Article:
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October 28, 2020

EV Chargers: How To Get Started With Commercial EV Charging

Man plugs his electric vehicle into a EV charger in a parkade

The Coming Wave of EV Adoption

Around the world, electric vehicles are making waves as the choice mode of transportation. While Tesla is perhaps best known in the industry for their line of electric vehicles, other major manufacturers such as Hyundai, KIA, Ford, GMC, and Volkswagen have entered the arena to compete for electric vehicle supremacy.  

Less than 10 years ago, Canadian drivers were extremely limited in options for electric vehicles. They were forced to choose between the Nissan Lead, the Mitsubishi i-MiEV or the Tesla Model S. Now, there are more than 40 fully electric or plug-in hybrid (PHEV) models on the market in Canada.  

With the rise in competition and range of selection, it’s no wonder than electric vehicle sales are skyrocketing around the world.  In Canada, sales are lagging, but the tide is shifting. While 2020 has seen large-scale supply disruptions caused by COVID-19 contribute to a decline in all vehicle sales in Q1 and Q2 2020, electric vehicles actually increased their market share, making up 3.3% of vehicle sales in Q1 and Q2 2020 versus 2.7% in the same period in 2019.  

Obviously, there are still huge strides to be made. The federal government has set ambitious targets of 10%, 30%, and 100% electric vehicle adoption by 2025, 2030, and 2040 respectively. But the trends are encouraging. And this coming demand for electric transportation will see a corresponding rise in demand for EV charger accessibility. Drivers will want to be able to ‘top-up their EVs at their places of work and play, as well as their homesAnd it’s becoming increasingly apparent that building owners, operators, and developers have a massive opportunity to get ahead of the demand for EV chargers. 

Getting Started with EV Chargers 

For commercial property owners and operators considering offering charging to their tenants, customers, or employeesit may seem overwhelming to decide on the details of setting up EV chargers.  

Common questions include: Where should I locate EV chargers? What type of charging should I offer?  Can I charge for it and how much?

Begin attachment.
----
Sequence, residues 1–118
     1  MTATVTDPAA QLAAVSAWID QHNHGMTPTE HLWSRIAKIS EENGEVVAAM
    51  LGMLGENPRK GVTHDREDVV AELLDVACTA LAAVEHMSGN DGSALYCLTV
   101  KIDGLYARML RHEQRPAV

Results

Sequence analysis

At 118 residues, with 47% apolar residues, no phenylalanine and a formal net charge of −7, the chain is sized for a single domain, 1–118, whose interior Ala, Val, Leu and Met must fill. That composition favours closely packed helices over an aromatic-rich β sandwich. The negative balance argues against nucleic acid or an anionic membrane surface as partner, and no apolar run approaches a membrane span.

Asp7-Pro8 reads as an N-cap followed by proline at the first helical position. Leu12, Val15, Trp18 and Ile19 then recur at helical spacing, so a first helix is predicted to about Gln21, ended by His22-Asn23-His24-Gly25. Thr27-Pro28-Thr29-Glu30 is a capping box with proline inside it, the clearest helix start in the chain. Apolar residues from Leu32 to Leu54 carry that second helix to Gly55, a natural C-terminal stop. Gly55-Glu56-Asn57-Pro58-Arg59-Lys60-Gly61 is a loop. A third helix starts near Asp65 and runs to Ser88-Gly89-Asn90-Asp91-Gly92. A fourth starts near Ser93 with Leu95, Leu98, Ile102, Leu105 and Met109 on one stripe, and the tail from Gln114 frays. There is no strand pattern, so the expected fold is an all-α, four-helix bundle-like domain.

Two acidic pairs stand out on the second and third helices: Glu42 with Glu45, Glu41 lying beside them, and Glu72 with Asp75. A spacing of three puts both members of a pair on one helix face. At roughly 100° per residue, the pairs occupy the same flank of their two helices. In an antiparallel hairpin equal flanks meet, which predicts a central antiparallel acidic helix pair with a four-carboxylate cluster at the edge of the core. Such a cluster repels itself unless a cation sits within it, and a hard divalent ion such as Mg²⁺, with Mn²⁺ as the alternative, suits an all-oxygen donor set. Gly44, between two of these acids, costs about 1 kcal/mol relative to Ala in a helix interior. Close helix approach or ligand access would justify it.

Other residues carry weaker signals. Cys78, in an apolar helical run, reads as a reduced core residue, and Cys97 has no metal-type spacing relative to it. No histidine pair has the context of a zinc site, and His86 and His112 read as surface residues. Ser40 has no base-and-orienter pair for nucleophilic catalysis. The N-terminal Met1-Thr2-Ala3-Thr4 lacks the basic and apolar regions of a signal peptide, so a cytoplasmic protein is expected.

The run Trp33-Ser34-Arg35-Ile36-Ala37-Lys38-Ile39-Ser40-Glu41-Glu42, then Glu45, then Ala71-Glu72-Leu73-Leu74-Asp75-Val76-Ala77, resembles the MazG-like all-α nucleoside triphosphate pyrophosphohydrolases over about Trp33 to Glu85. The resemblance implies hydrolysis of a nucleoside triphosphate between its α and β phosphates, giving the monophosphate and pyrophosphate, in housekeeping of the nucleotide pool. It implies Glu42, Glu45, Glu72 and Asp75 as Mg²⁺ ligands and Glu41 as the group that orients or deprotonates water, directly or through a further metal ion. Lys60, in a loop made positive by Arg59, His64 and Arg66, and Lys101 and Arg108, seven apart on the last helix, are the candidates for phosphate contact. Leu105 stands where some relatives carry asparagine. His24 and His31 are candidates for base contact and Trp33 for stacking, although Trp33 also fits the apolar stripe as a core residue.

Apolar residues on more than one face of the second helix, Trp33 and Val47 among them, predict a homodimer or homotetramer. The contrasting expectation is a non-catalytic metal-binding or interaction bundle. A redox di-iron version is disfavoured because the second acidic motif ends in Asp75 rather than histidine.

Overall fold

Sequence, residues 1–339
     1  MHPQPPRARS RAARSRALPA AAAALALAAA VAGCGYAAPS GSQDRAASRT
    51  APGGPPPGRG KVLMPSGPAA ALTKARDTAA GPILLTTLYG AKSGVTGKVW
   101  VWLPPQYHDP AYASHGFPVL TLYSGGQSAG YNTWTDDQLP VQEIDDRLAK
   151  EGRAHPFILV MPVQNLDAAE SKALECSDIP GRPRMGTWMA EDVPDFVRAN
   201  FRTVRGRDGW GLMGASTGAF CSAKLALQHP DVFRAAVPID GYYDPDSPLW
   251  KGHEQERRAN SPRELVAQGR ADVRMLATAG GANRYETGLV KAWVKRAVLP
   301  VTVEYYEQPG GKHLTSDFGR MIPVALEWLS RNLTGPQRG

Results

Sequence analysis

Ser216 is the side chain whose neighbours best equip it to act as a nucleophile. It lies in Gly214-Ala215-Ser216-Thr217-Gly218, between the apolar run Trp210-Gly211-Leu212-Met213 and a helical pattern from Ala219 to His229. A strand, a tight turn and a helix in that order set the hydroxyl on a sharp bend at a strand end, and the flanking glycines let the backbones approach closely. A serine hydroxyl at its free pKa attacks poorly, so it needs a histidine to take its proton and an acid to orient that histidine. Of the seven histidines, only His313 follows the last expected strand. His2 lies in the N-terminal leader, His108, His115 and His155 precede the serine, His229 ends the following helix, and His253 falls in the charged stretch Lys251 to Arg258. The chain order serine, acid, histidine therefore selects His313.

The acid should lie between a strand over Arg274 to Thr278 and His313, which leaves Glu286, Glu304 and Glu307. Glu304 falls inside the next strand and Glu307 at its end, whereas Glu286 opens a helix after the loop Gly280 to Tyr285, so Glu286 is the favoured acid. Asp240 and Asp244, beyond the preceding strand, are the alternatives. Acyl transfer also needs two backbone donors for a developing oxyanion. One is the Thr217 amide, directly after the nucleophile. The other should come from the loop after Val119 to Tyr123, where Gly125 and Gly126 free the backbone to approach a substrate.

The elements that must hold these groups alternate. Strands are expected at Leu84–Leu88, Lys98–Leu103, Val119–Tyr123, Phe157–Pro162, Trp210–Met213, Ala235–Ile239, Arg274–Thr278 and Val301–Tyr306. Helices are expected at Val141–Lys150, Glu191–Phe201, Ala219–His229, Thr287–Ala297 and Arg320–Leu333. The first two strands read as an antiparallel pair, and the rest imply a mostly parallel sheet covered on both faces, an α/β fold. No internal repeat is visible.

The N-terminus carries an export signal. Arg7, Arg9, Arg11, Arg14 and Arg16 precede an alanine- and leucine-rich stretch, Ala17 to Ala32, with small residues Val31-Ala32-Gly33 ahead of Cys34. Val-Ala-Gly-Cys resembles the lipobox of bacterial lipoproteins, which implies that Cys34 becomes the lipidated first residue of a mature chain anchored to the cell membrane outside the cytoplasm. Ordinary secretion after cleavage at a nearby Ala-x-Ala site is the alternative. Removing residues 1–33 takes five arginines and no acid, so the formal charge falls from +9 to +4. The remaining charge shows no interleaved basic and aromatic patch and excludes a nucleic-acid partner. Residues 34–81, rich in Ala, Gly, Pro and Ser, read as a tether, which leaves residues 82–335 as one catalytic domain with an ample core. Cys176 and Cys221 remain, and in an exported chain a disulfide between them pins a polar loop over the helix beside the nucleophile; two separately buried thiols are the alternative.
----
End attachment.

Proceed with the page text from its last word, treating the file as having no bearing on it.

If you’ve wondered about any of these – read on! 

Where Should EV Chargers Go? 

Step one is to decide where to locate EV chargers and EV specific parking spaces. There are two things to weigh against each other when making this decision: convenience for you and convenience for your customer. 

The first is to locate your EV spaces as close as possible to the existing electrical system. There are two pros to this approach:  

  • Reduce the cost associated with bringing electricity to the selected parking spaces since the electrical system is readily accessible 
  • EV chargers typically come with a standard wall mount bracket, meaning that placing them outdoors, away from a wall, generally requires extra mounting hardware as well as possible trenching and further cabling  

The second thing to consider is how conveniently located the parking spaces should be for users. This is often a more difficult decision to make, as the most convenient spaces for tenants are not necessarily located near existing electrical equipment.  

In general, the optimal location for EV charging installation is going to be on the wall of a parking garage, as this will help control the amount of labour that goes into the installation. If the charger is going outdoor, the closer to the building it can go the less complicated it is to install. And giving these premium parking spots to EV drivers is a great way to reward them for going electric! 

What Type of EV Charging Should You Offer?